So here I am standing in line at Jacob's Café, a swanky little spot in Haga, the oldest part of Göteborg, ready to have my first authentic Swedish experience. Of course that means ordering my coffee using full Swedish sentences! Onset anxiety. But first, I have to figure out the Swedish crown. Time for some mental math ... kilograms to pounds, no ... celsius to fahrenheit, no ... Ah, crown to dollar! 22:00? Wait that's military time! 22 SEK, I'll figure out how much that is later. Ah, too late I'm in the front.
I'm tempted to jump out of line and find the nearest Starbucks. Instead, I look the barista in the eye with a big nervous grin - it's time to complete the pass. "Jag skulle vilja ha en kaffee. Tack." (I really wanted it decaf, but that's just too complicated.) And now, he's smiling back at me.
Three weeks later and I still get fjärilar i magen (butterflies) every time I attempt to speak Swedish. And somehow, nobody seems to completely understand me here even when I say the most basic things. Yesterday, I ordered "en latte" (I've learned to keep it simple now), and still the barista looked at me like I was crazy. "A latte?" Like always, it's a work in progress ...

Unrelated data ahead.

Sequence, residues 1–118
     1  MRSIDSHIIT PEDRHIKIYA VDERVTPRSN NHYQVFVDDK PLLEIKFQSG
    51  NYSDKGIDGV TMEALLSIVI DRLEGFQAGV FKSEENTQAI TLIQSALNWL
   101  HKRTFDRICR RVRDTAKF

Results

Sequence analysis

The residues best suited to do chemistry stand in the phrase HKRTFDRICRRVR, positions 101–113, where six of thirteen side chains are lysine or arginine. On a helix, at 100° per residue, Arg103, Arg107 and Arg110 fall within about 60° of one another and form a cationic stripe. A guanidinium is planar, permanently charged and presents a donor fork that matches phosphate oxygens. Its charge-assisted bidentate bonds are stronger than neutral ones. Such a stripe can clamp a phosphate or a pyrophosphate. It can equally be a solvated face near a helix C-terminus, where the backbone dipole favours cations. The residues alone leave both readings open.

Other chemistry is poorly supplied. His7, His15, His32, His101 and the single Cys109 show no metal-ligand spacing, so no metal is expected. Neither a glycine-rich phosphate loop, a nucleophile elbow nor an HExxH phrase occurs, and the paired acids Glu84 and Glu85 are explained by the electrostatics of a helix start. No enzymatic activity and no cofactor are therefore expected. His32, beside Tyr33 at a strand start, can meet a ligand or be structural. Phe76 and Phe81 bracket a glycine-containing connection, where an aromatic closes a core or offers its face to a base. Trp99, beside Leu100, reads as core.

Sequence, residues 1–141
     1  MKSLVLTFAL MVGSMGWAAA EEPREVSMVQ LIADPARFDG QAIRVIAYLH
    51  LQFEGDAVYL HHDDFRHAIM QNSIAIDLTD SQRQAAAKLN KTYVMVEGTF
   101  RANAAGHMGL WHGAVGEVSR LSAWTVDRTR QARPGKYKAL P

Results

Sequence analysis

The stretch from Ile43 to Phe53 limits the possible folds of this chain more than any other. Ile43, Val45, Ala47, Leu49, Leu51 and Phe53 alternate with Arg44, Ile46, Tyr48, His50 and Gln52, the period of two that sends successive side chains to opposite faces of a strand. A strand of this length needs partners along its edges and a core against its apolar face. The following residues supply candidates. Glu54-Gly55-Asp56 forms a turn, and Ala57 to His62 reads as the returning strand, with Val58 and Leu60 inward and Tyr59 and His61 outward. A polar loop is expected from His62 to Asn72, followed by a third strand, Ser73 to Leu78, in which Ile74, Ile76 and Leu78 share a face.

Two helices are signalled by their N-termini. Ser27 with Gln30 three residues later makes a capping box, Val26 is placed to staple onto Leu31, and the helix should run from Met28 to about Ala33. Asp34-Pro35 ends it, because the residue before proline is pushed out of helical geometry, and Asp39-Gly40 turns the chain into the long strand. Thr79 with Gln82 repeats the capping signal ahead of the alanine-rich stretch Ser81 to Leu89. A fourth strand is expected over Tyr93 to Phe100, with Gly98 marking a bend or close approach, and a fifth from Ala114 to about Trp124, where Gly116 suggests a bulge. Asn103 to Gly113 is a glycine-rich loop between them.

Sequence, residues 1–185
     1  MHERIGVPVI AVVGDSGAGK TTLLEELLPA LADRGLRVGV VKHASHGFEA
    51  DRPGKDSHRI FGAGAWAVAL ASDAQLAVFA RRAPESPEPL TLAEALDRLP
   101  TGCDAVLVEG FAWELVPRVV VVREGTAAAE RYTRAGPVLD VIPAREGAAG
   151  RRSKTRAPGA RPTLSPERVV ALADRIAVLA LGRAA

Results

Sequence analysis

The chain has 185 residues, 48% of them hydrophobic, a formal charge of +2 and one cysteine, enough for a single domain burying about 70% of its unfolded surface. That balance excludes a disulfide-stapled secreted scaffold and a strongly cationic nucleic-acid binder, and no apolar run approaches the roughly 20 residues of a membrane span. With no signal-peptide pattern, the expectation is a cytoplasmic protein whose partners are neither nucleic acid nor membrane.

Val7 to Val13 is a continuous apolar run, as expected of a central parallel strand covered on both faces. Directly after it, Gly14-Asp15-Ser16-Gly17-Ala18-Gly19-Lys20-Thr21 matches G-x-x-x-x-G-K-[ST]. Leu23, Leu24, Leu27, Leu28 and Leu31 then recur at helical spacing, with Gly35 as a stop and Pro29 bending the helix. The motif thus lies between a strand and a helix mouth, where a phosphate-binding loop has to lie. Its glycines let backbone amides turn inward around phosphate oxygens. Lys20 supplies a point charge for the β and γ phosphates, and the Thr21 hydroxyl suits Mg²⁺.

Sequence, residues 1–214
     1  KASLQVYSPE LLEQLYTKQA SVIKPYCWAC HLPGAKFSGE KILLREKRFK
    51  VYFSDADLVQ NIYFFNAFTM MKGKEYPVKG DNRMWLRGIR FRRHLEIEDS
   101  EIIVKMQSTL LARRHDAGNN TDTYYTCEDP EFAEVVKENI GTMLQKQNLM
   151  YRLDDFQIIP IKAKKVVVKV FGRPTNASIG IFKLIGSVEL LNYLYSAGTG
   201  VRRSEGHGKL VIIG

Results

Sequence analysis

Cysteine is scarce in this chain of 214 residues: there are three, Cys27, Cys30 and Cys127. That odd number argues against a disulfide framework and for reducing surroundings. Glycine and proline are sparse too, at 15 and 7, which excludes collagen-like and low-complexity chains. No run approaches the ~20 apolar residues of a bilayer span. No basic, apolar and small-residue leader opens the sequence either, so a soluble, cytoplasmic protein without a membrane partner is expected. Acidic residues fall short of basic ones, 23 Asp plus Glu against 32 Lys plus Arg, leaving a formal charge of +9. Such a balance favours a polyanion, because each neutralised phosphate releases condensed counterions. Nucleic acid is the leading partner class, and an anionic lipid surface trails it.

* * *
Invariably when the temperature reaches 5 degrees Celsius, (hold off on the shorts...that's 40 degrees Fahrenheit), someone on my team will look at me and announce, "California weather!?" Now I'm the one laughing. "No, not even close," I say.
When my mom came to visit last week, we took a promenade down the streets of Haga, famous for its quaint shops and coffee houses. As a rare March treat, the sun was playing "peek-a-boo," which meant I shed the thin sweater layer between my long-sleeved shirt and my puff jacket. With Uggs, wool gloves, thick scarves, and earmuffs in place, my mom and I took to the streets for some shopping and of course, Fika.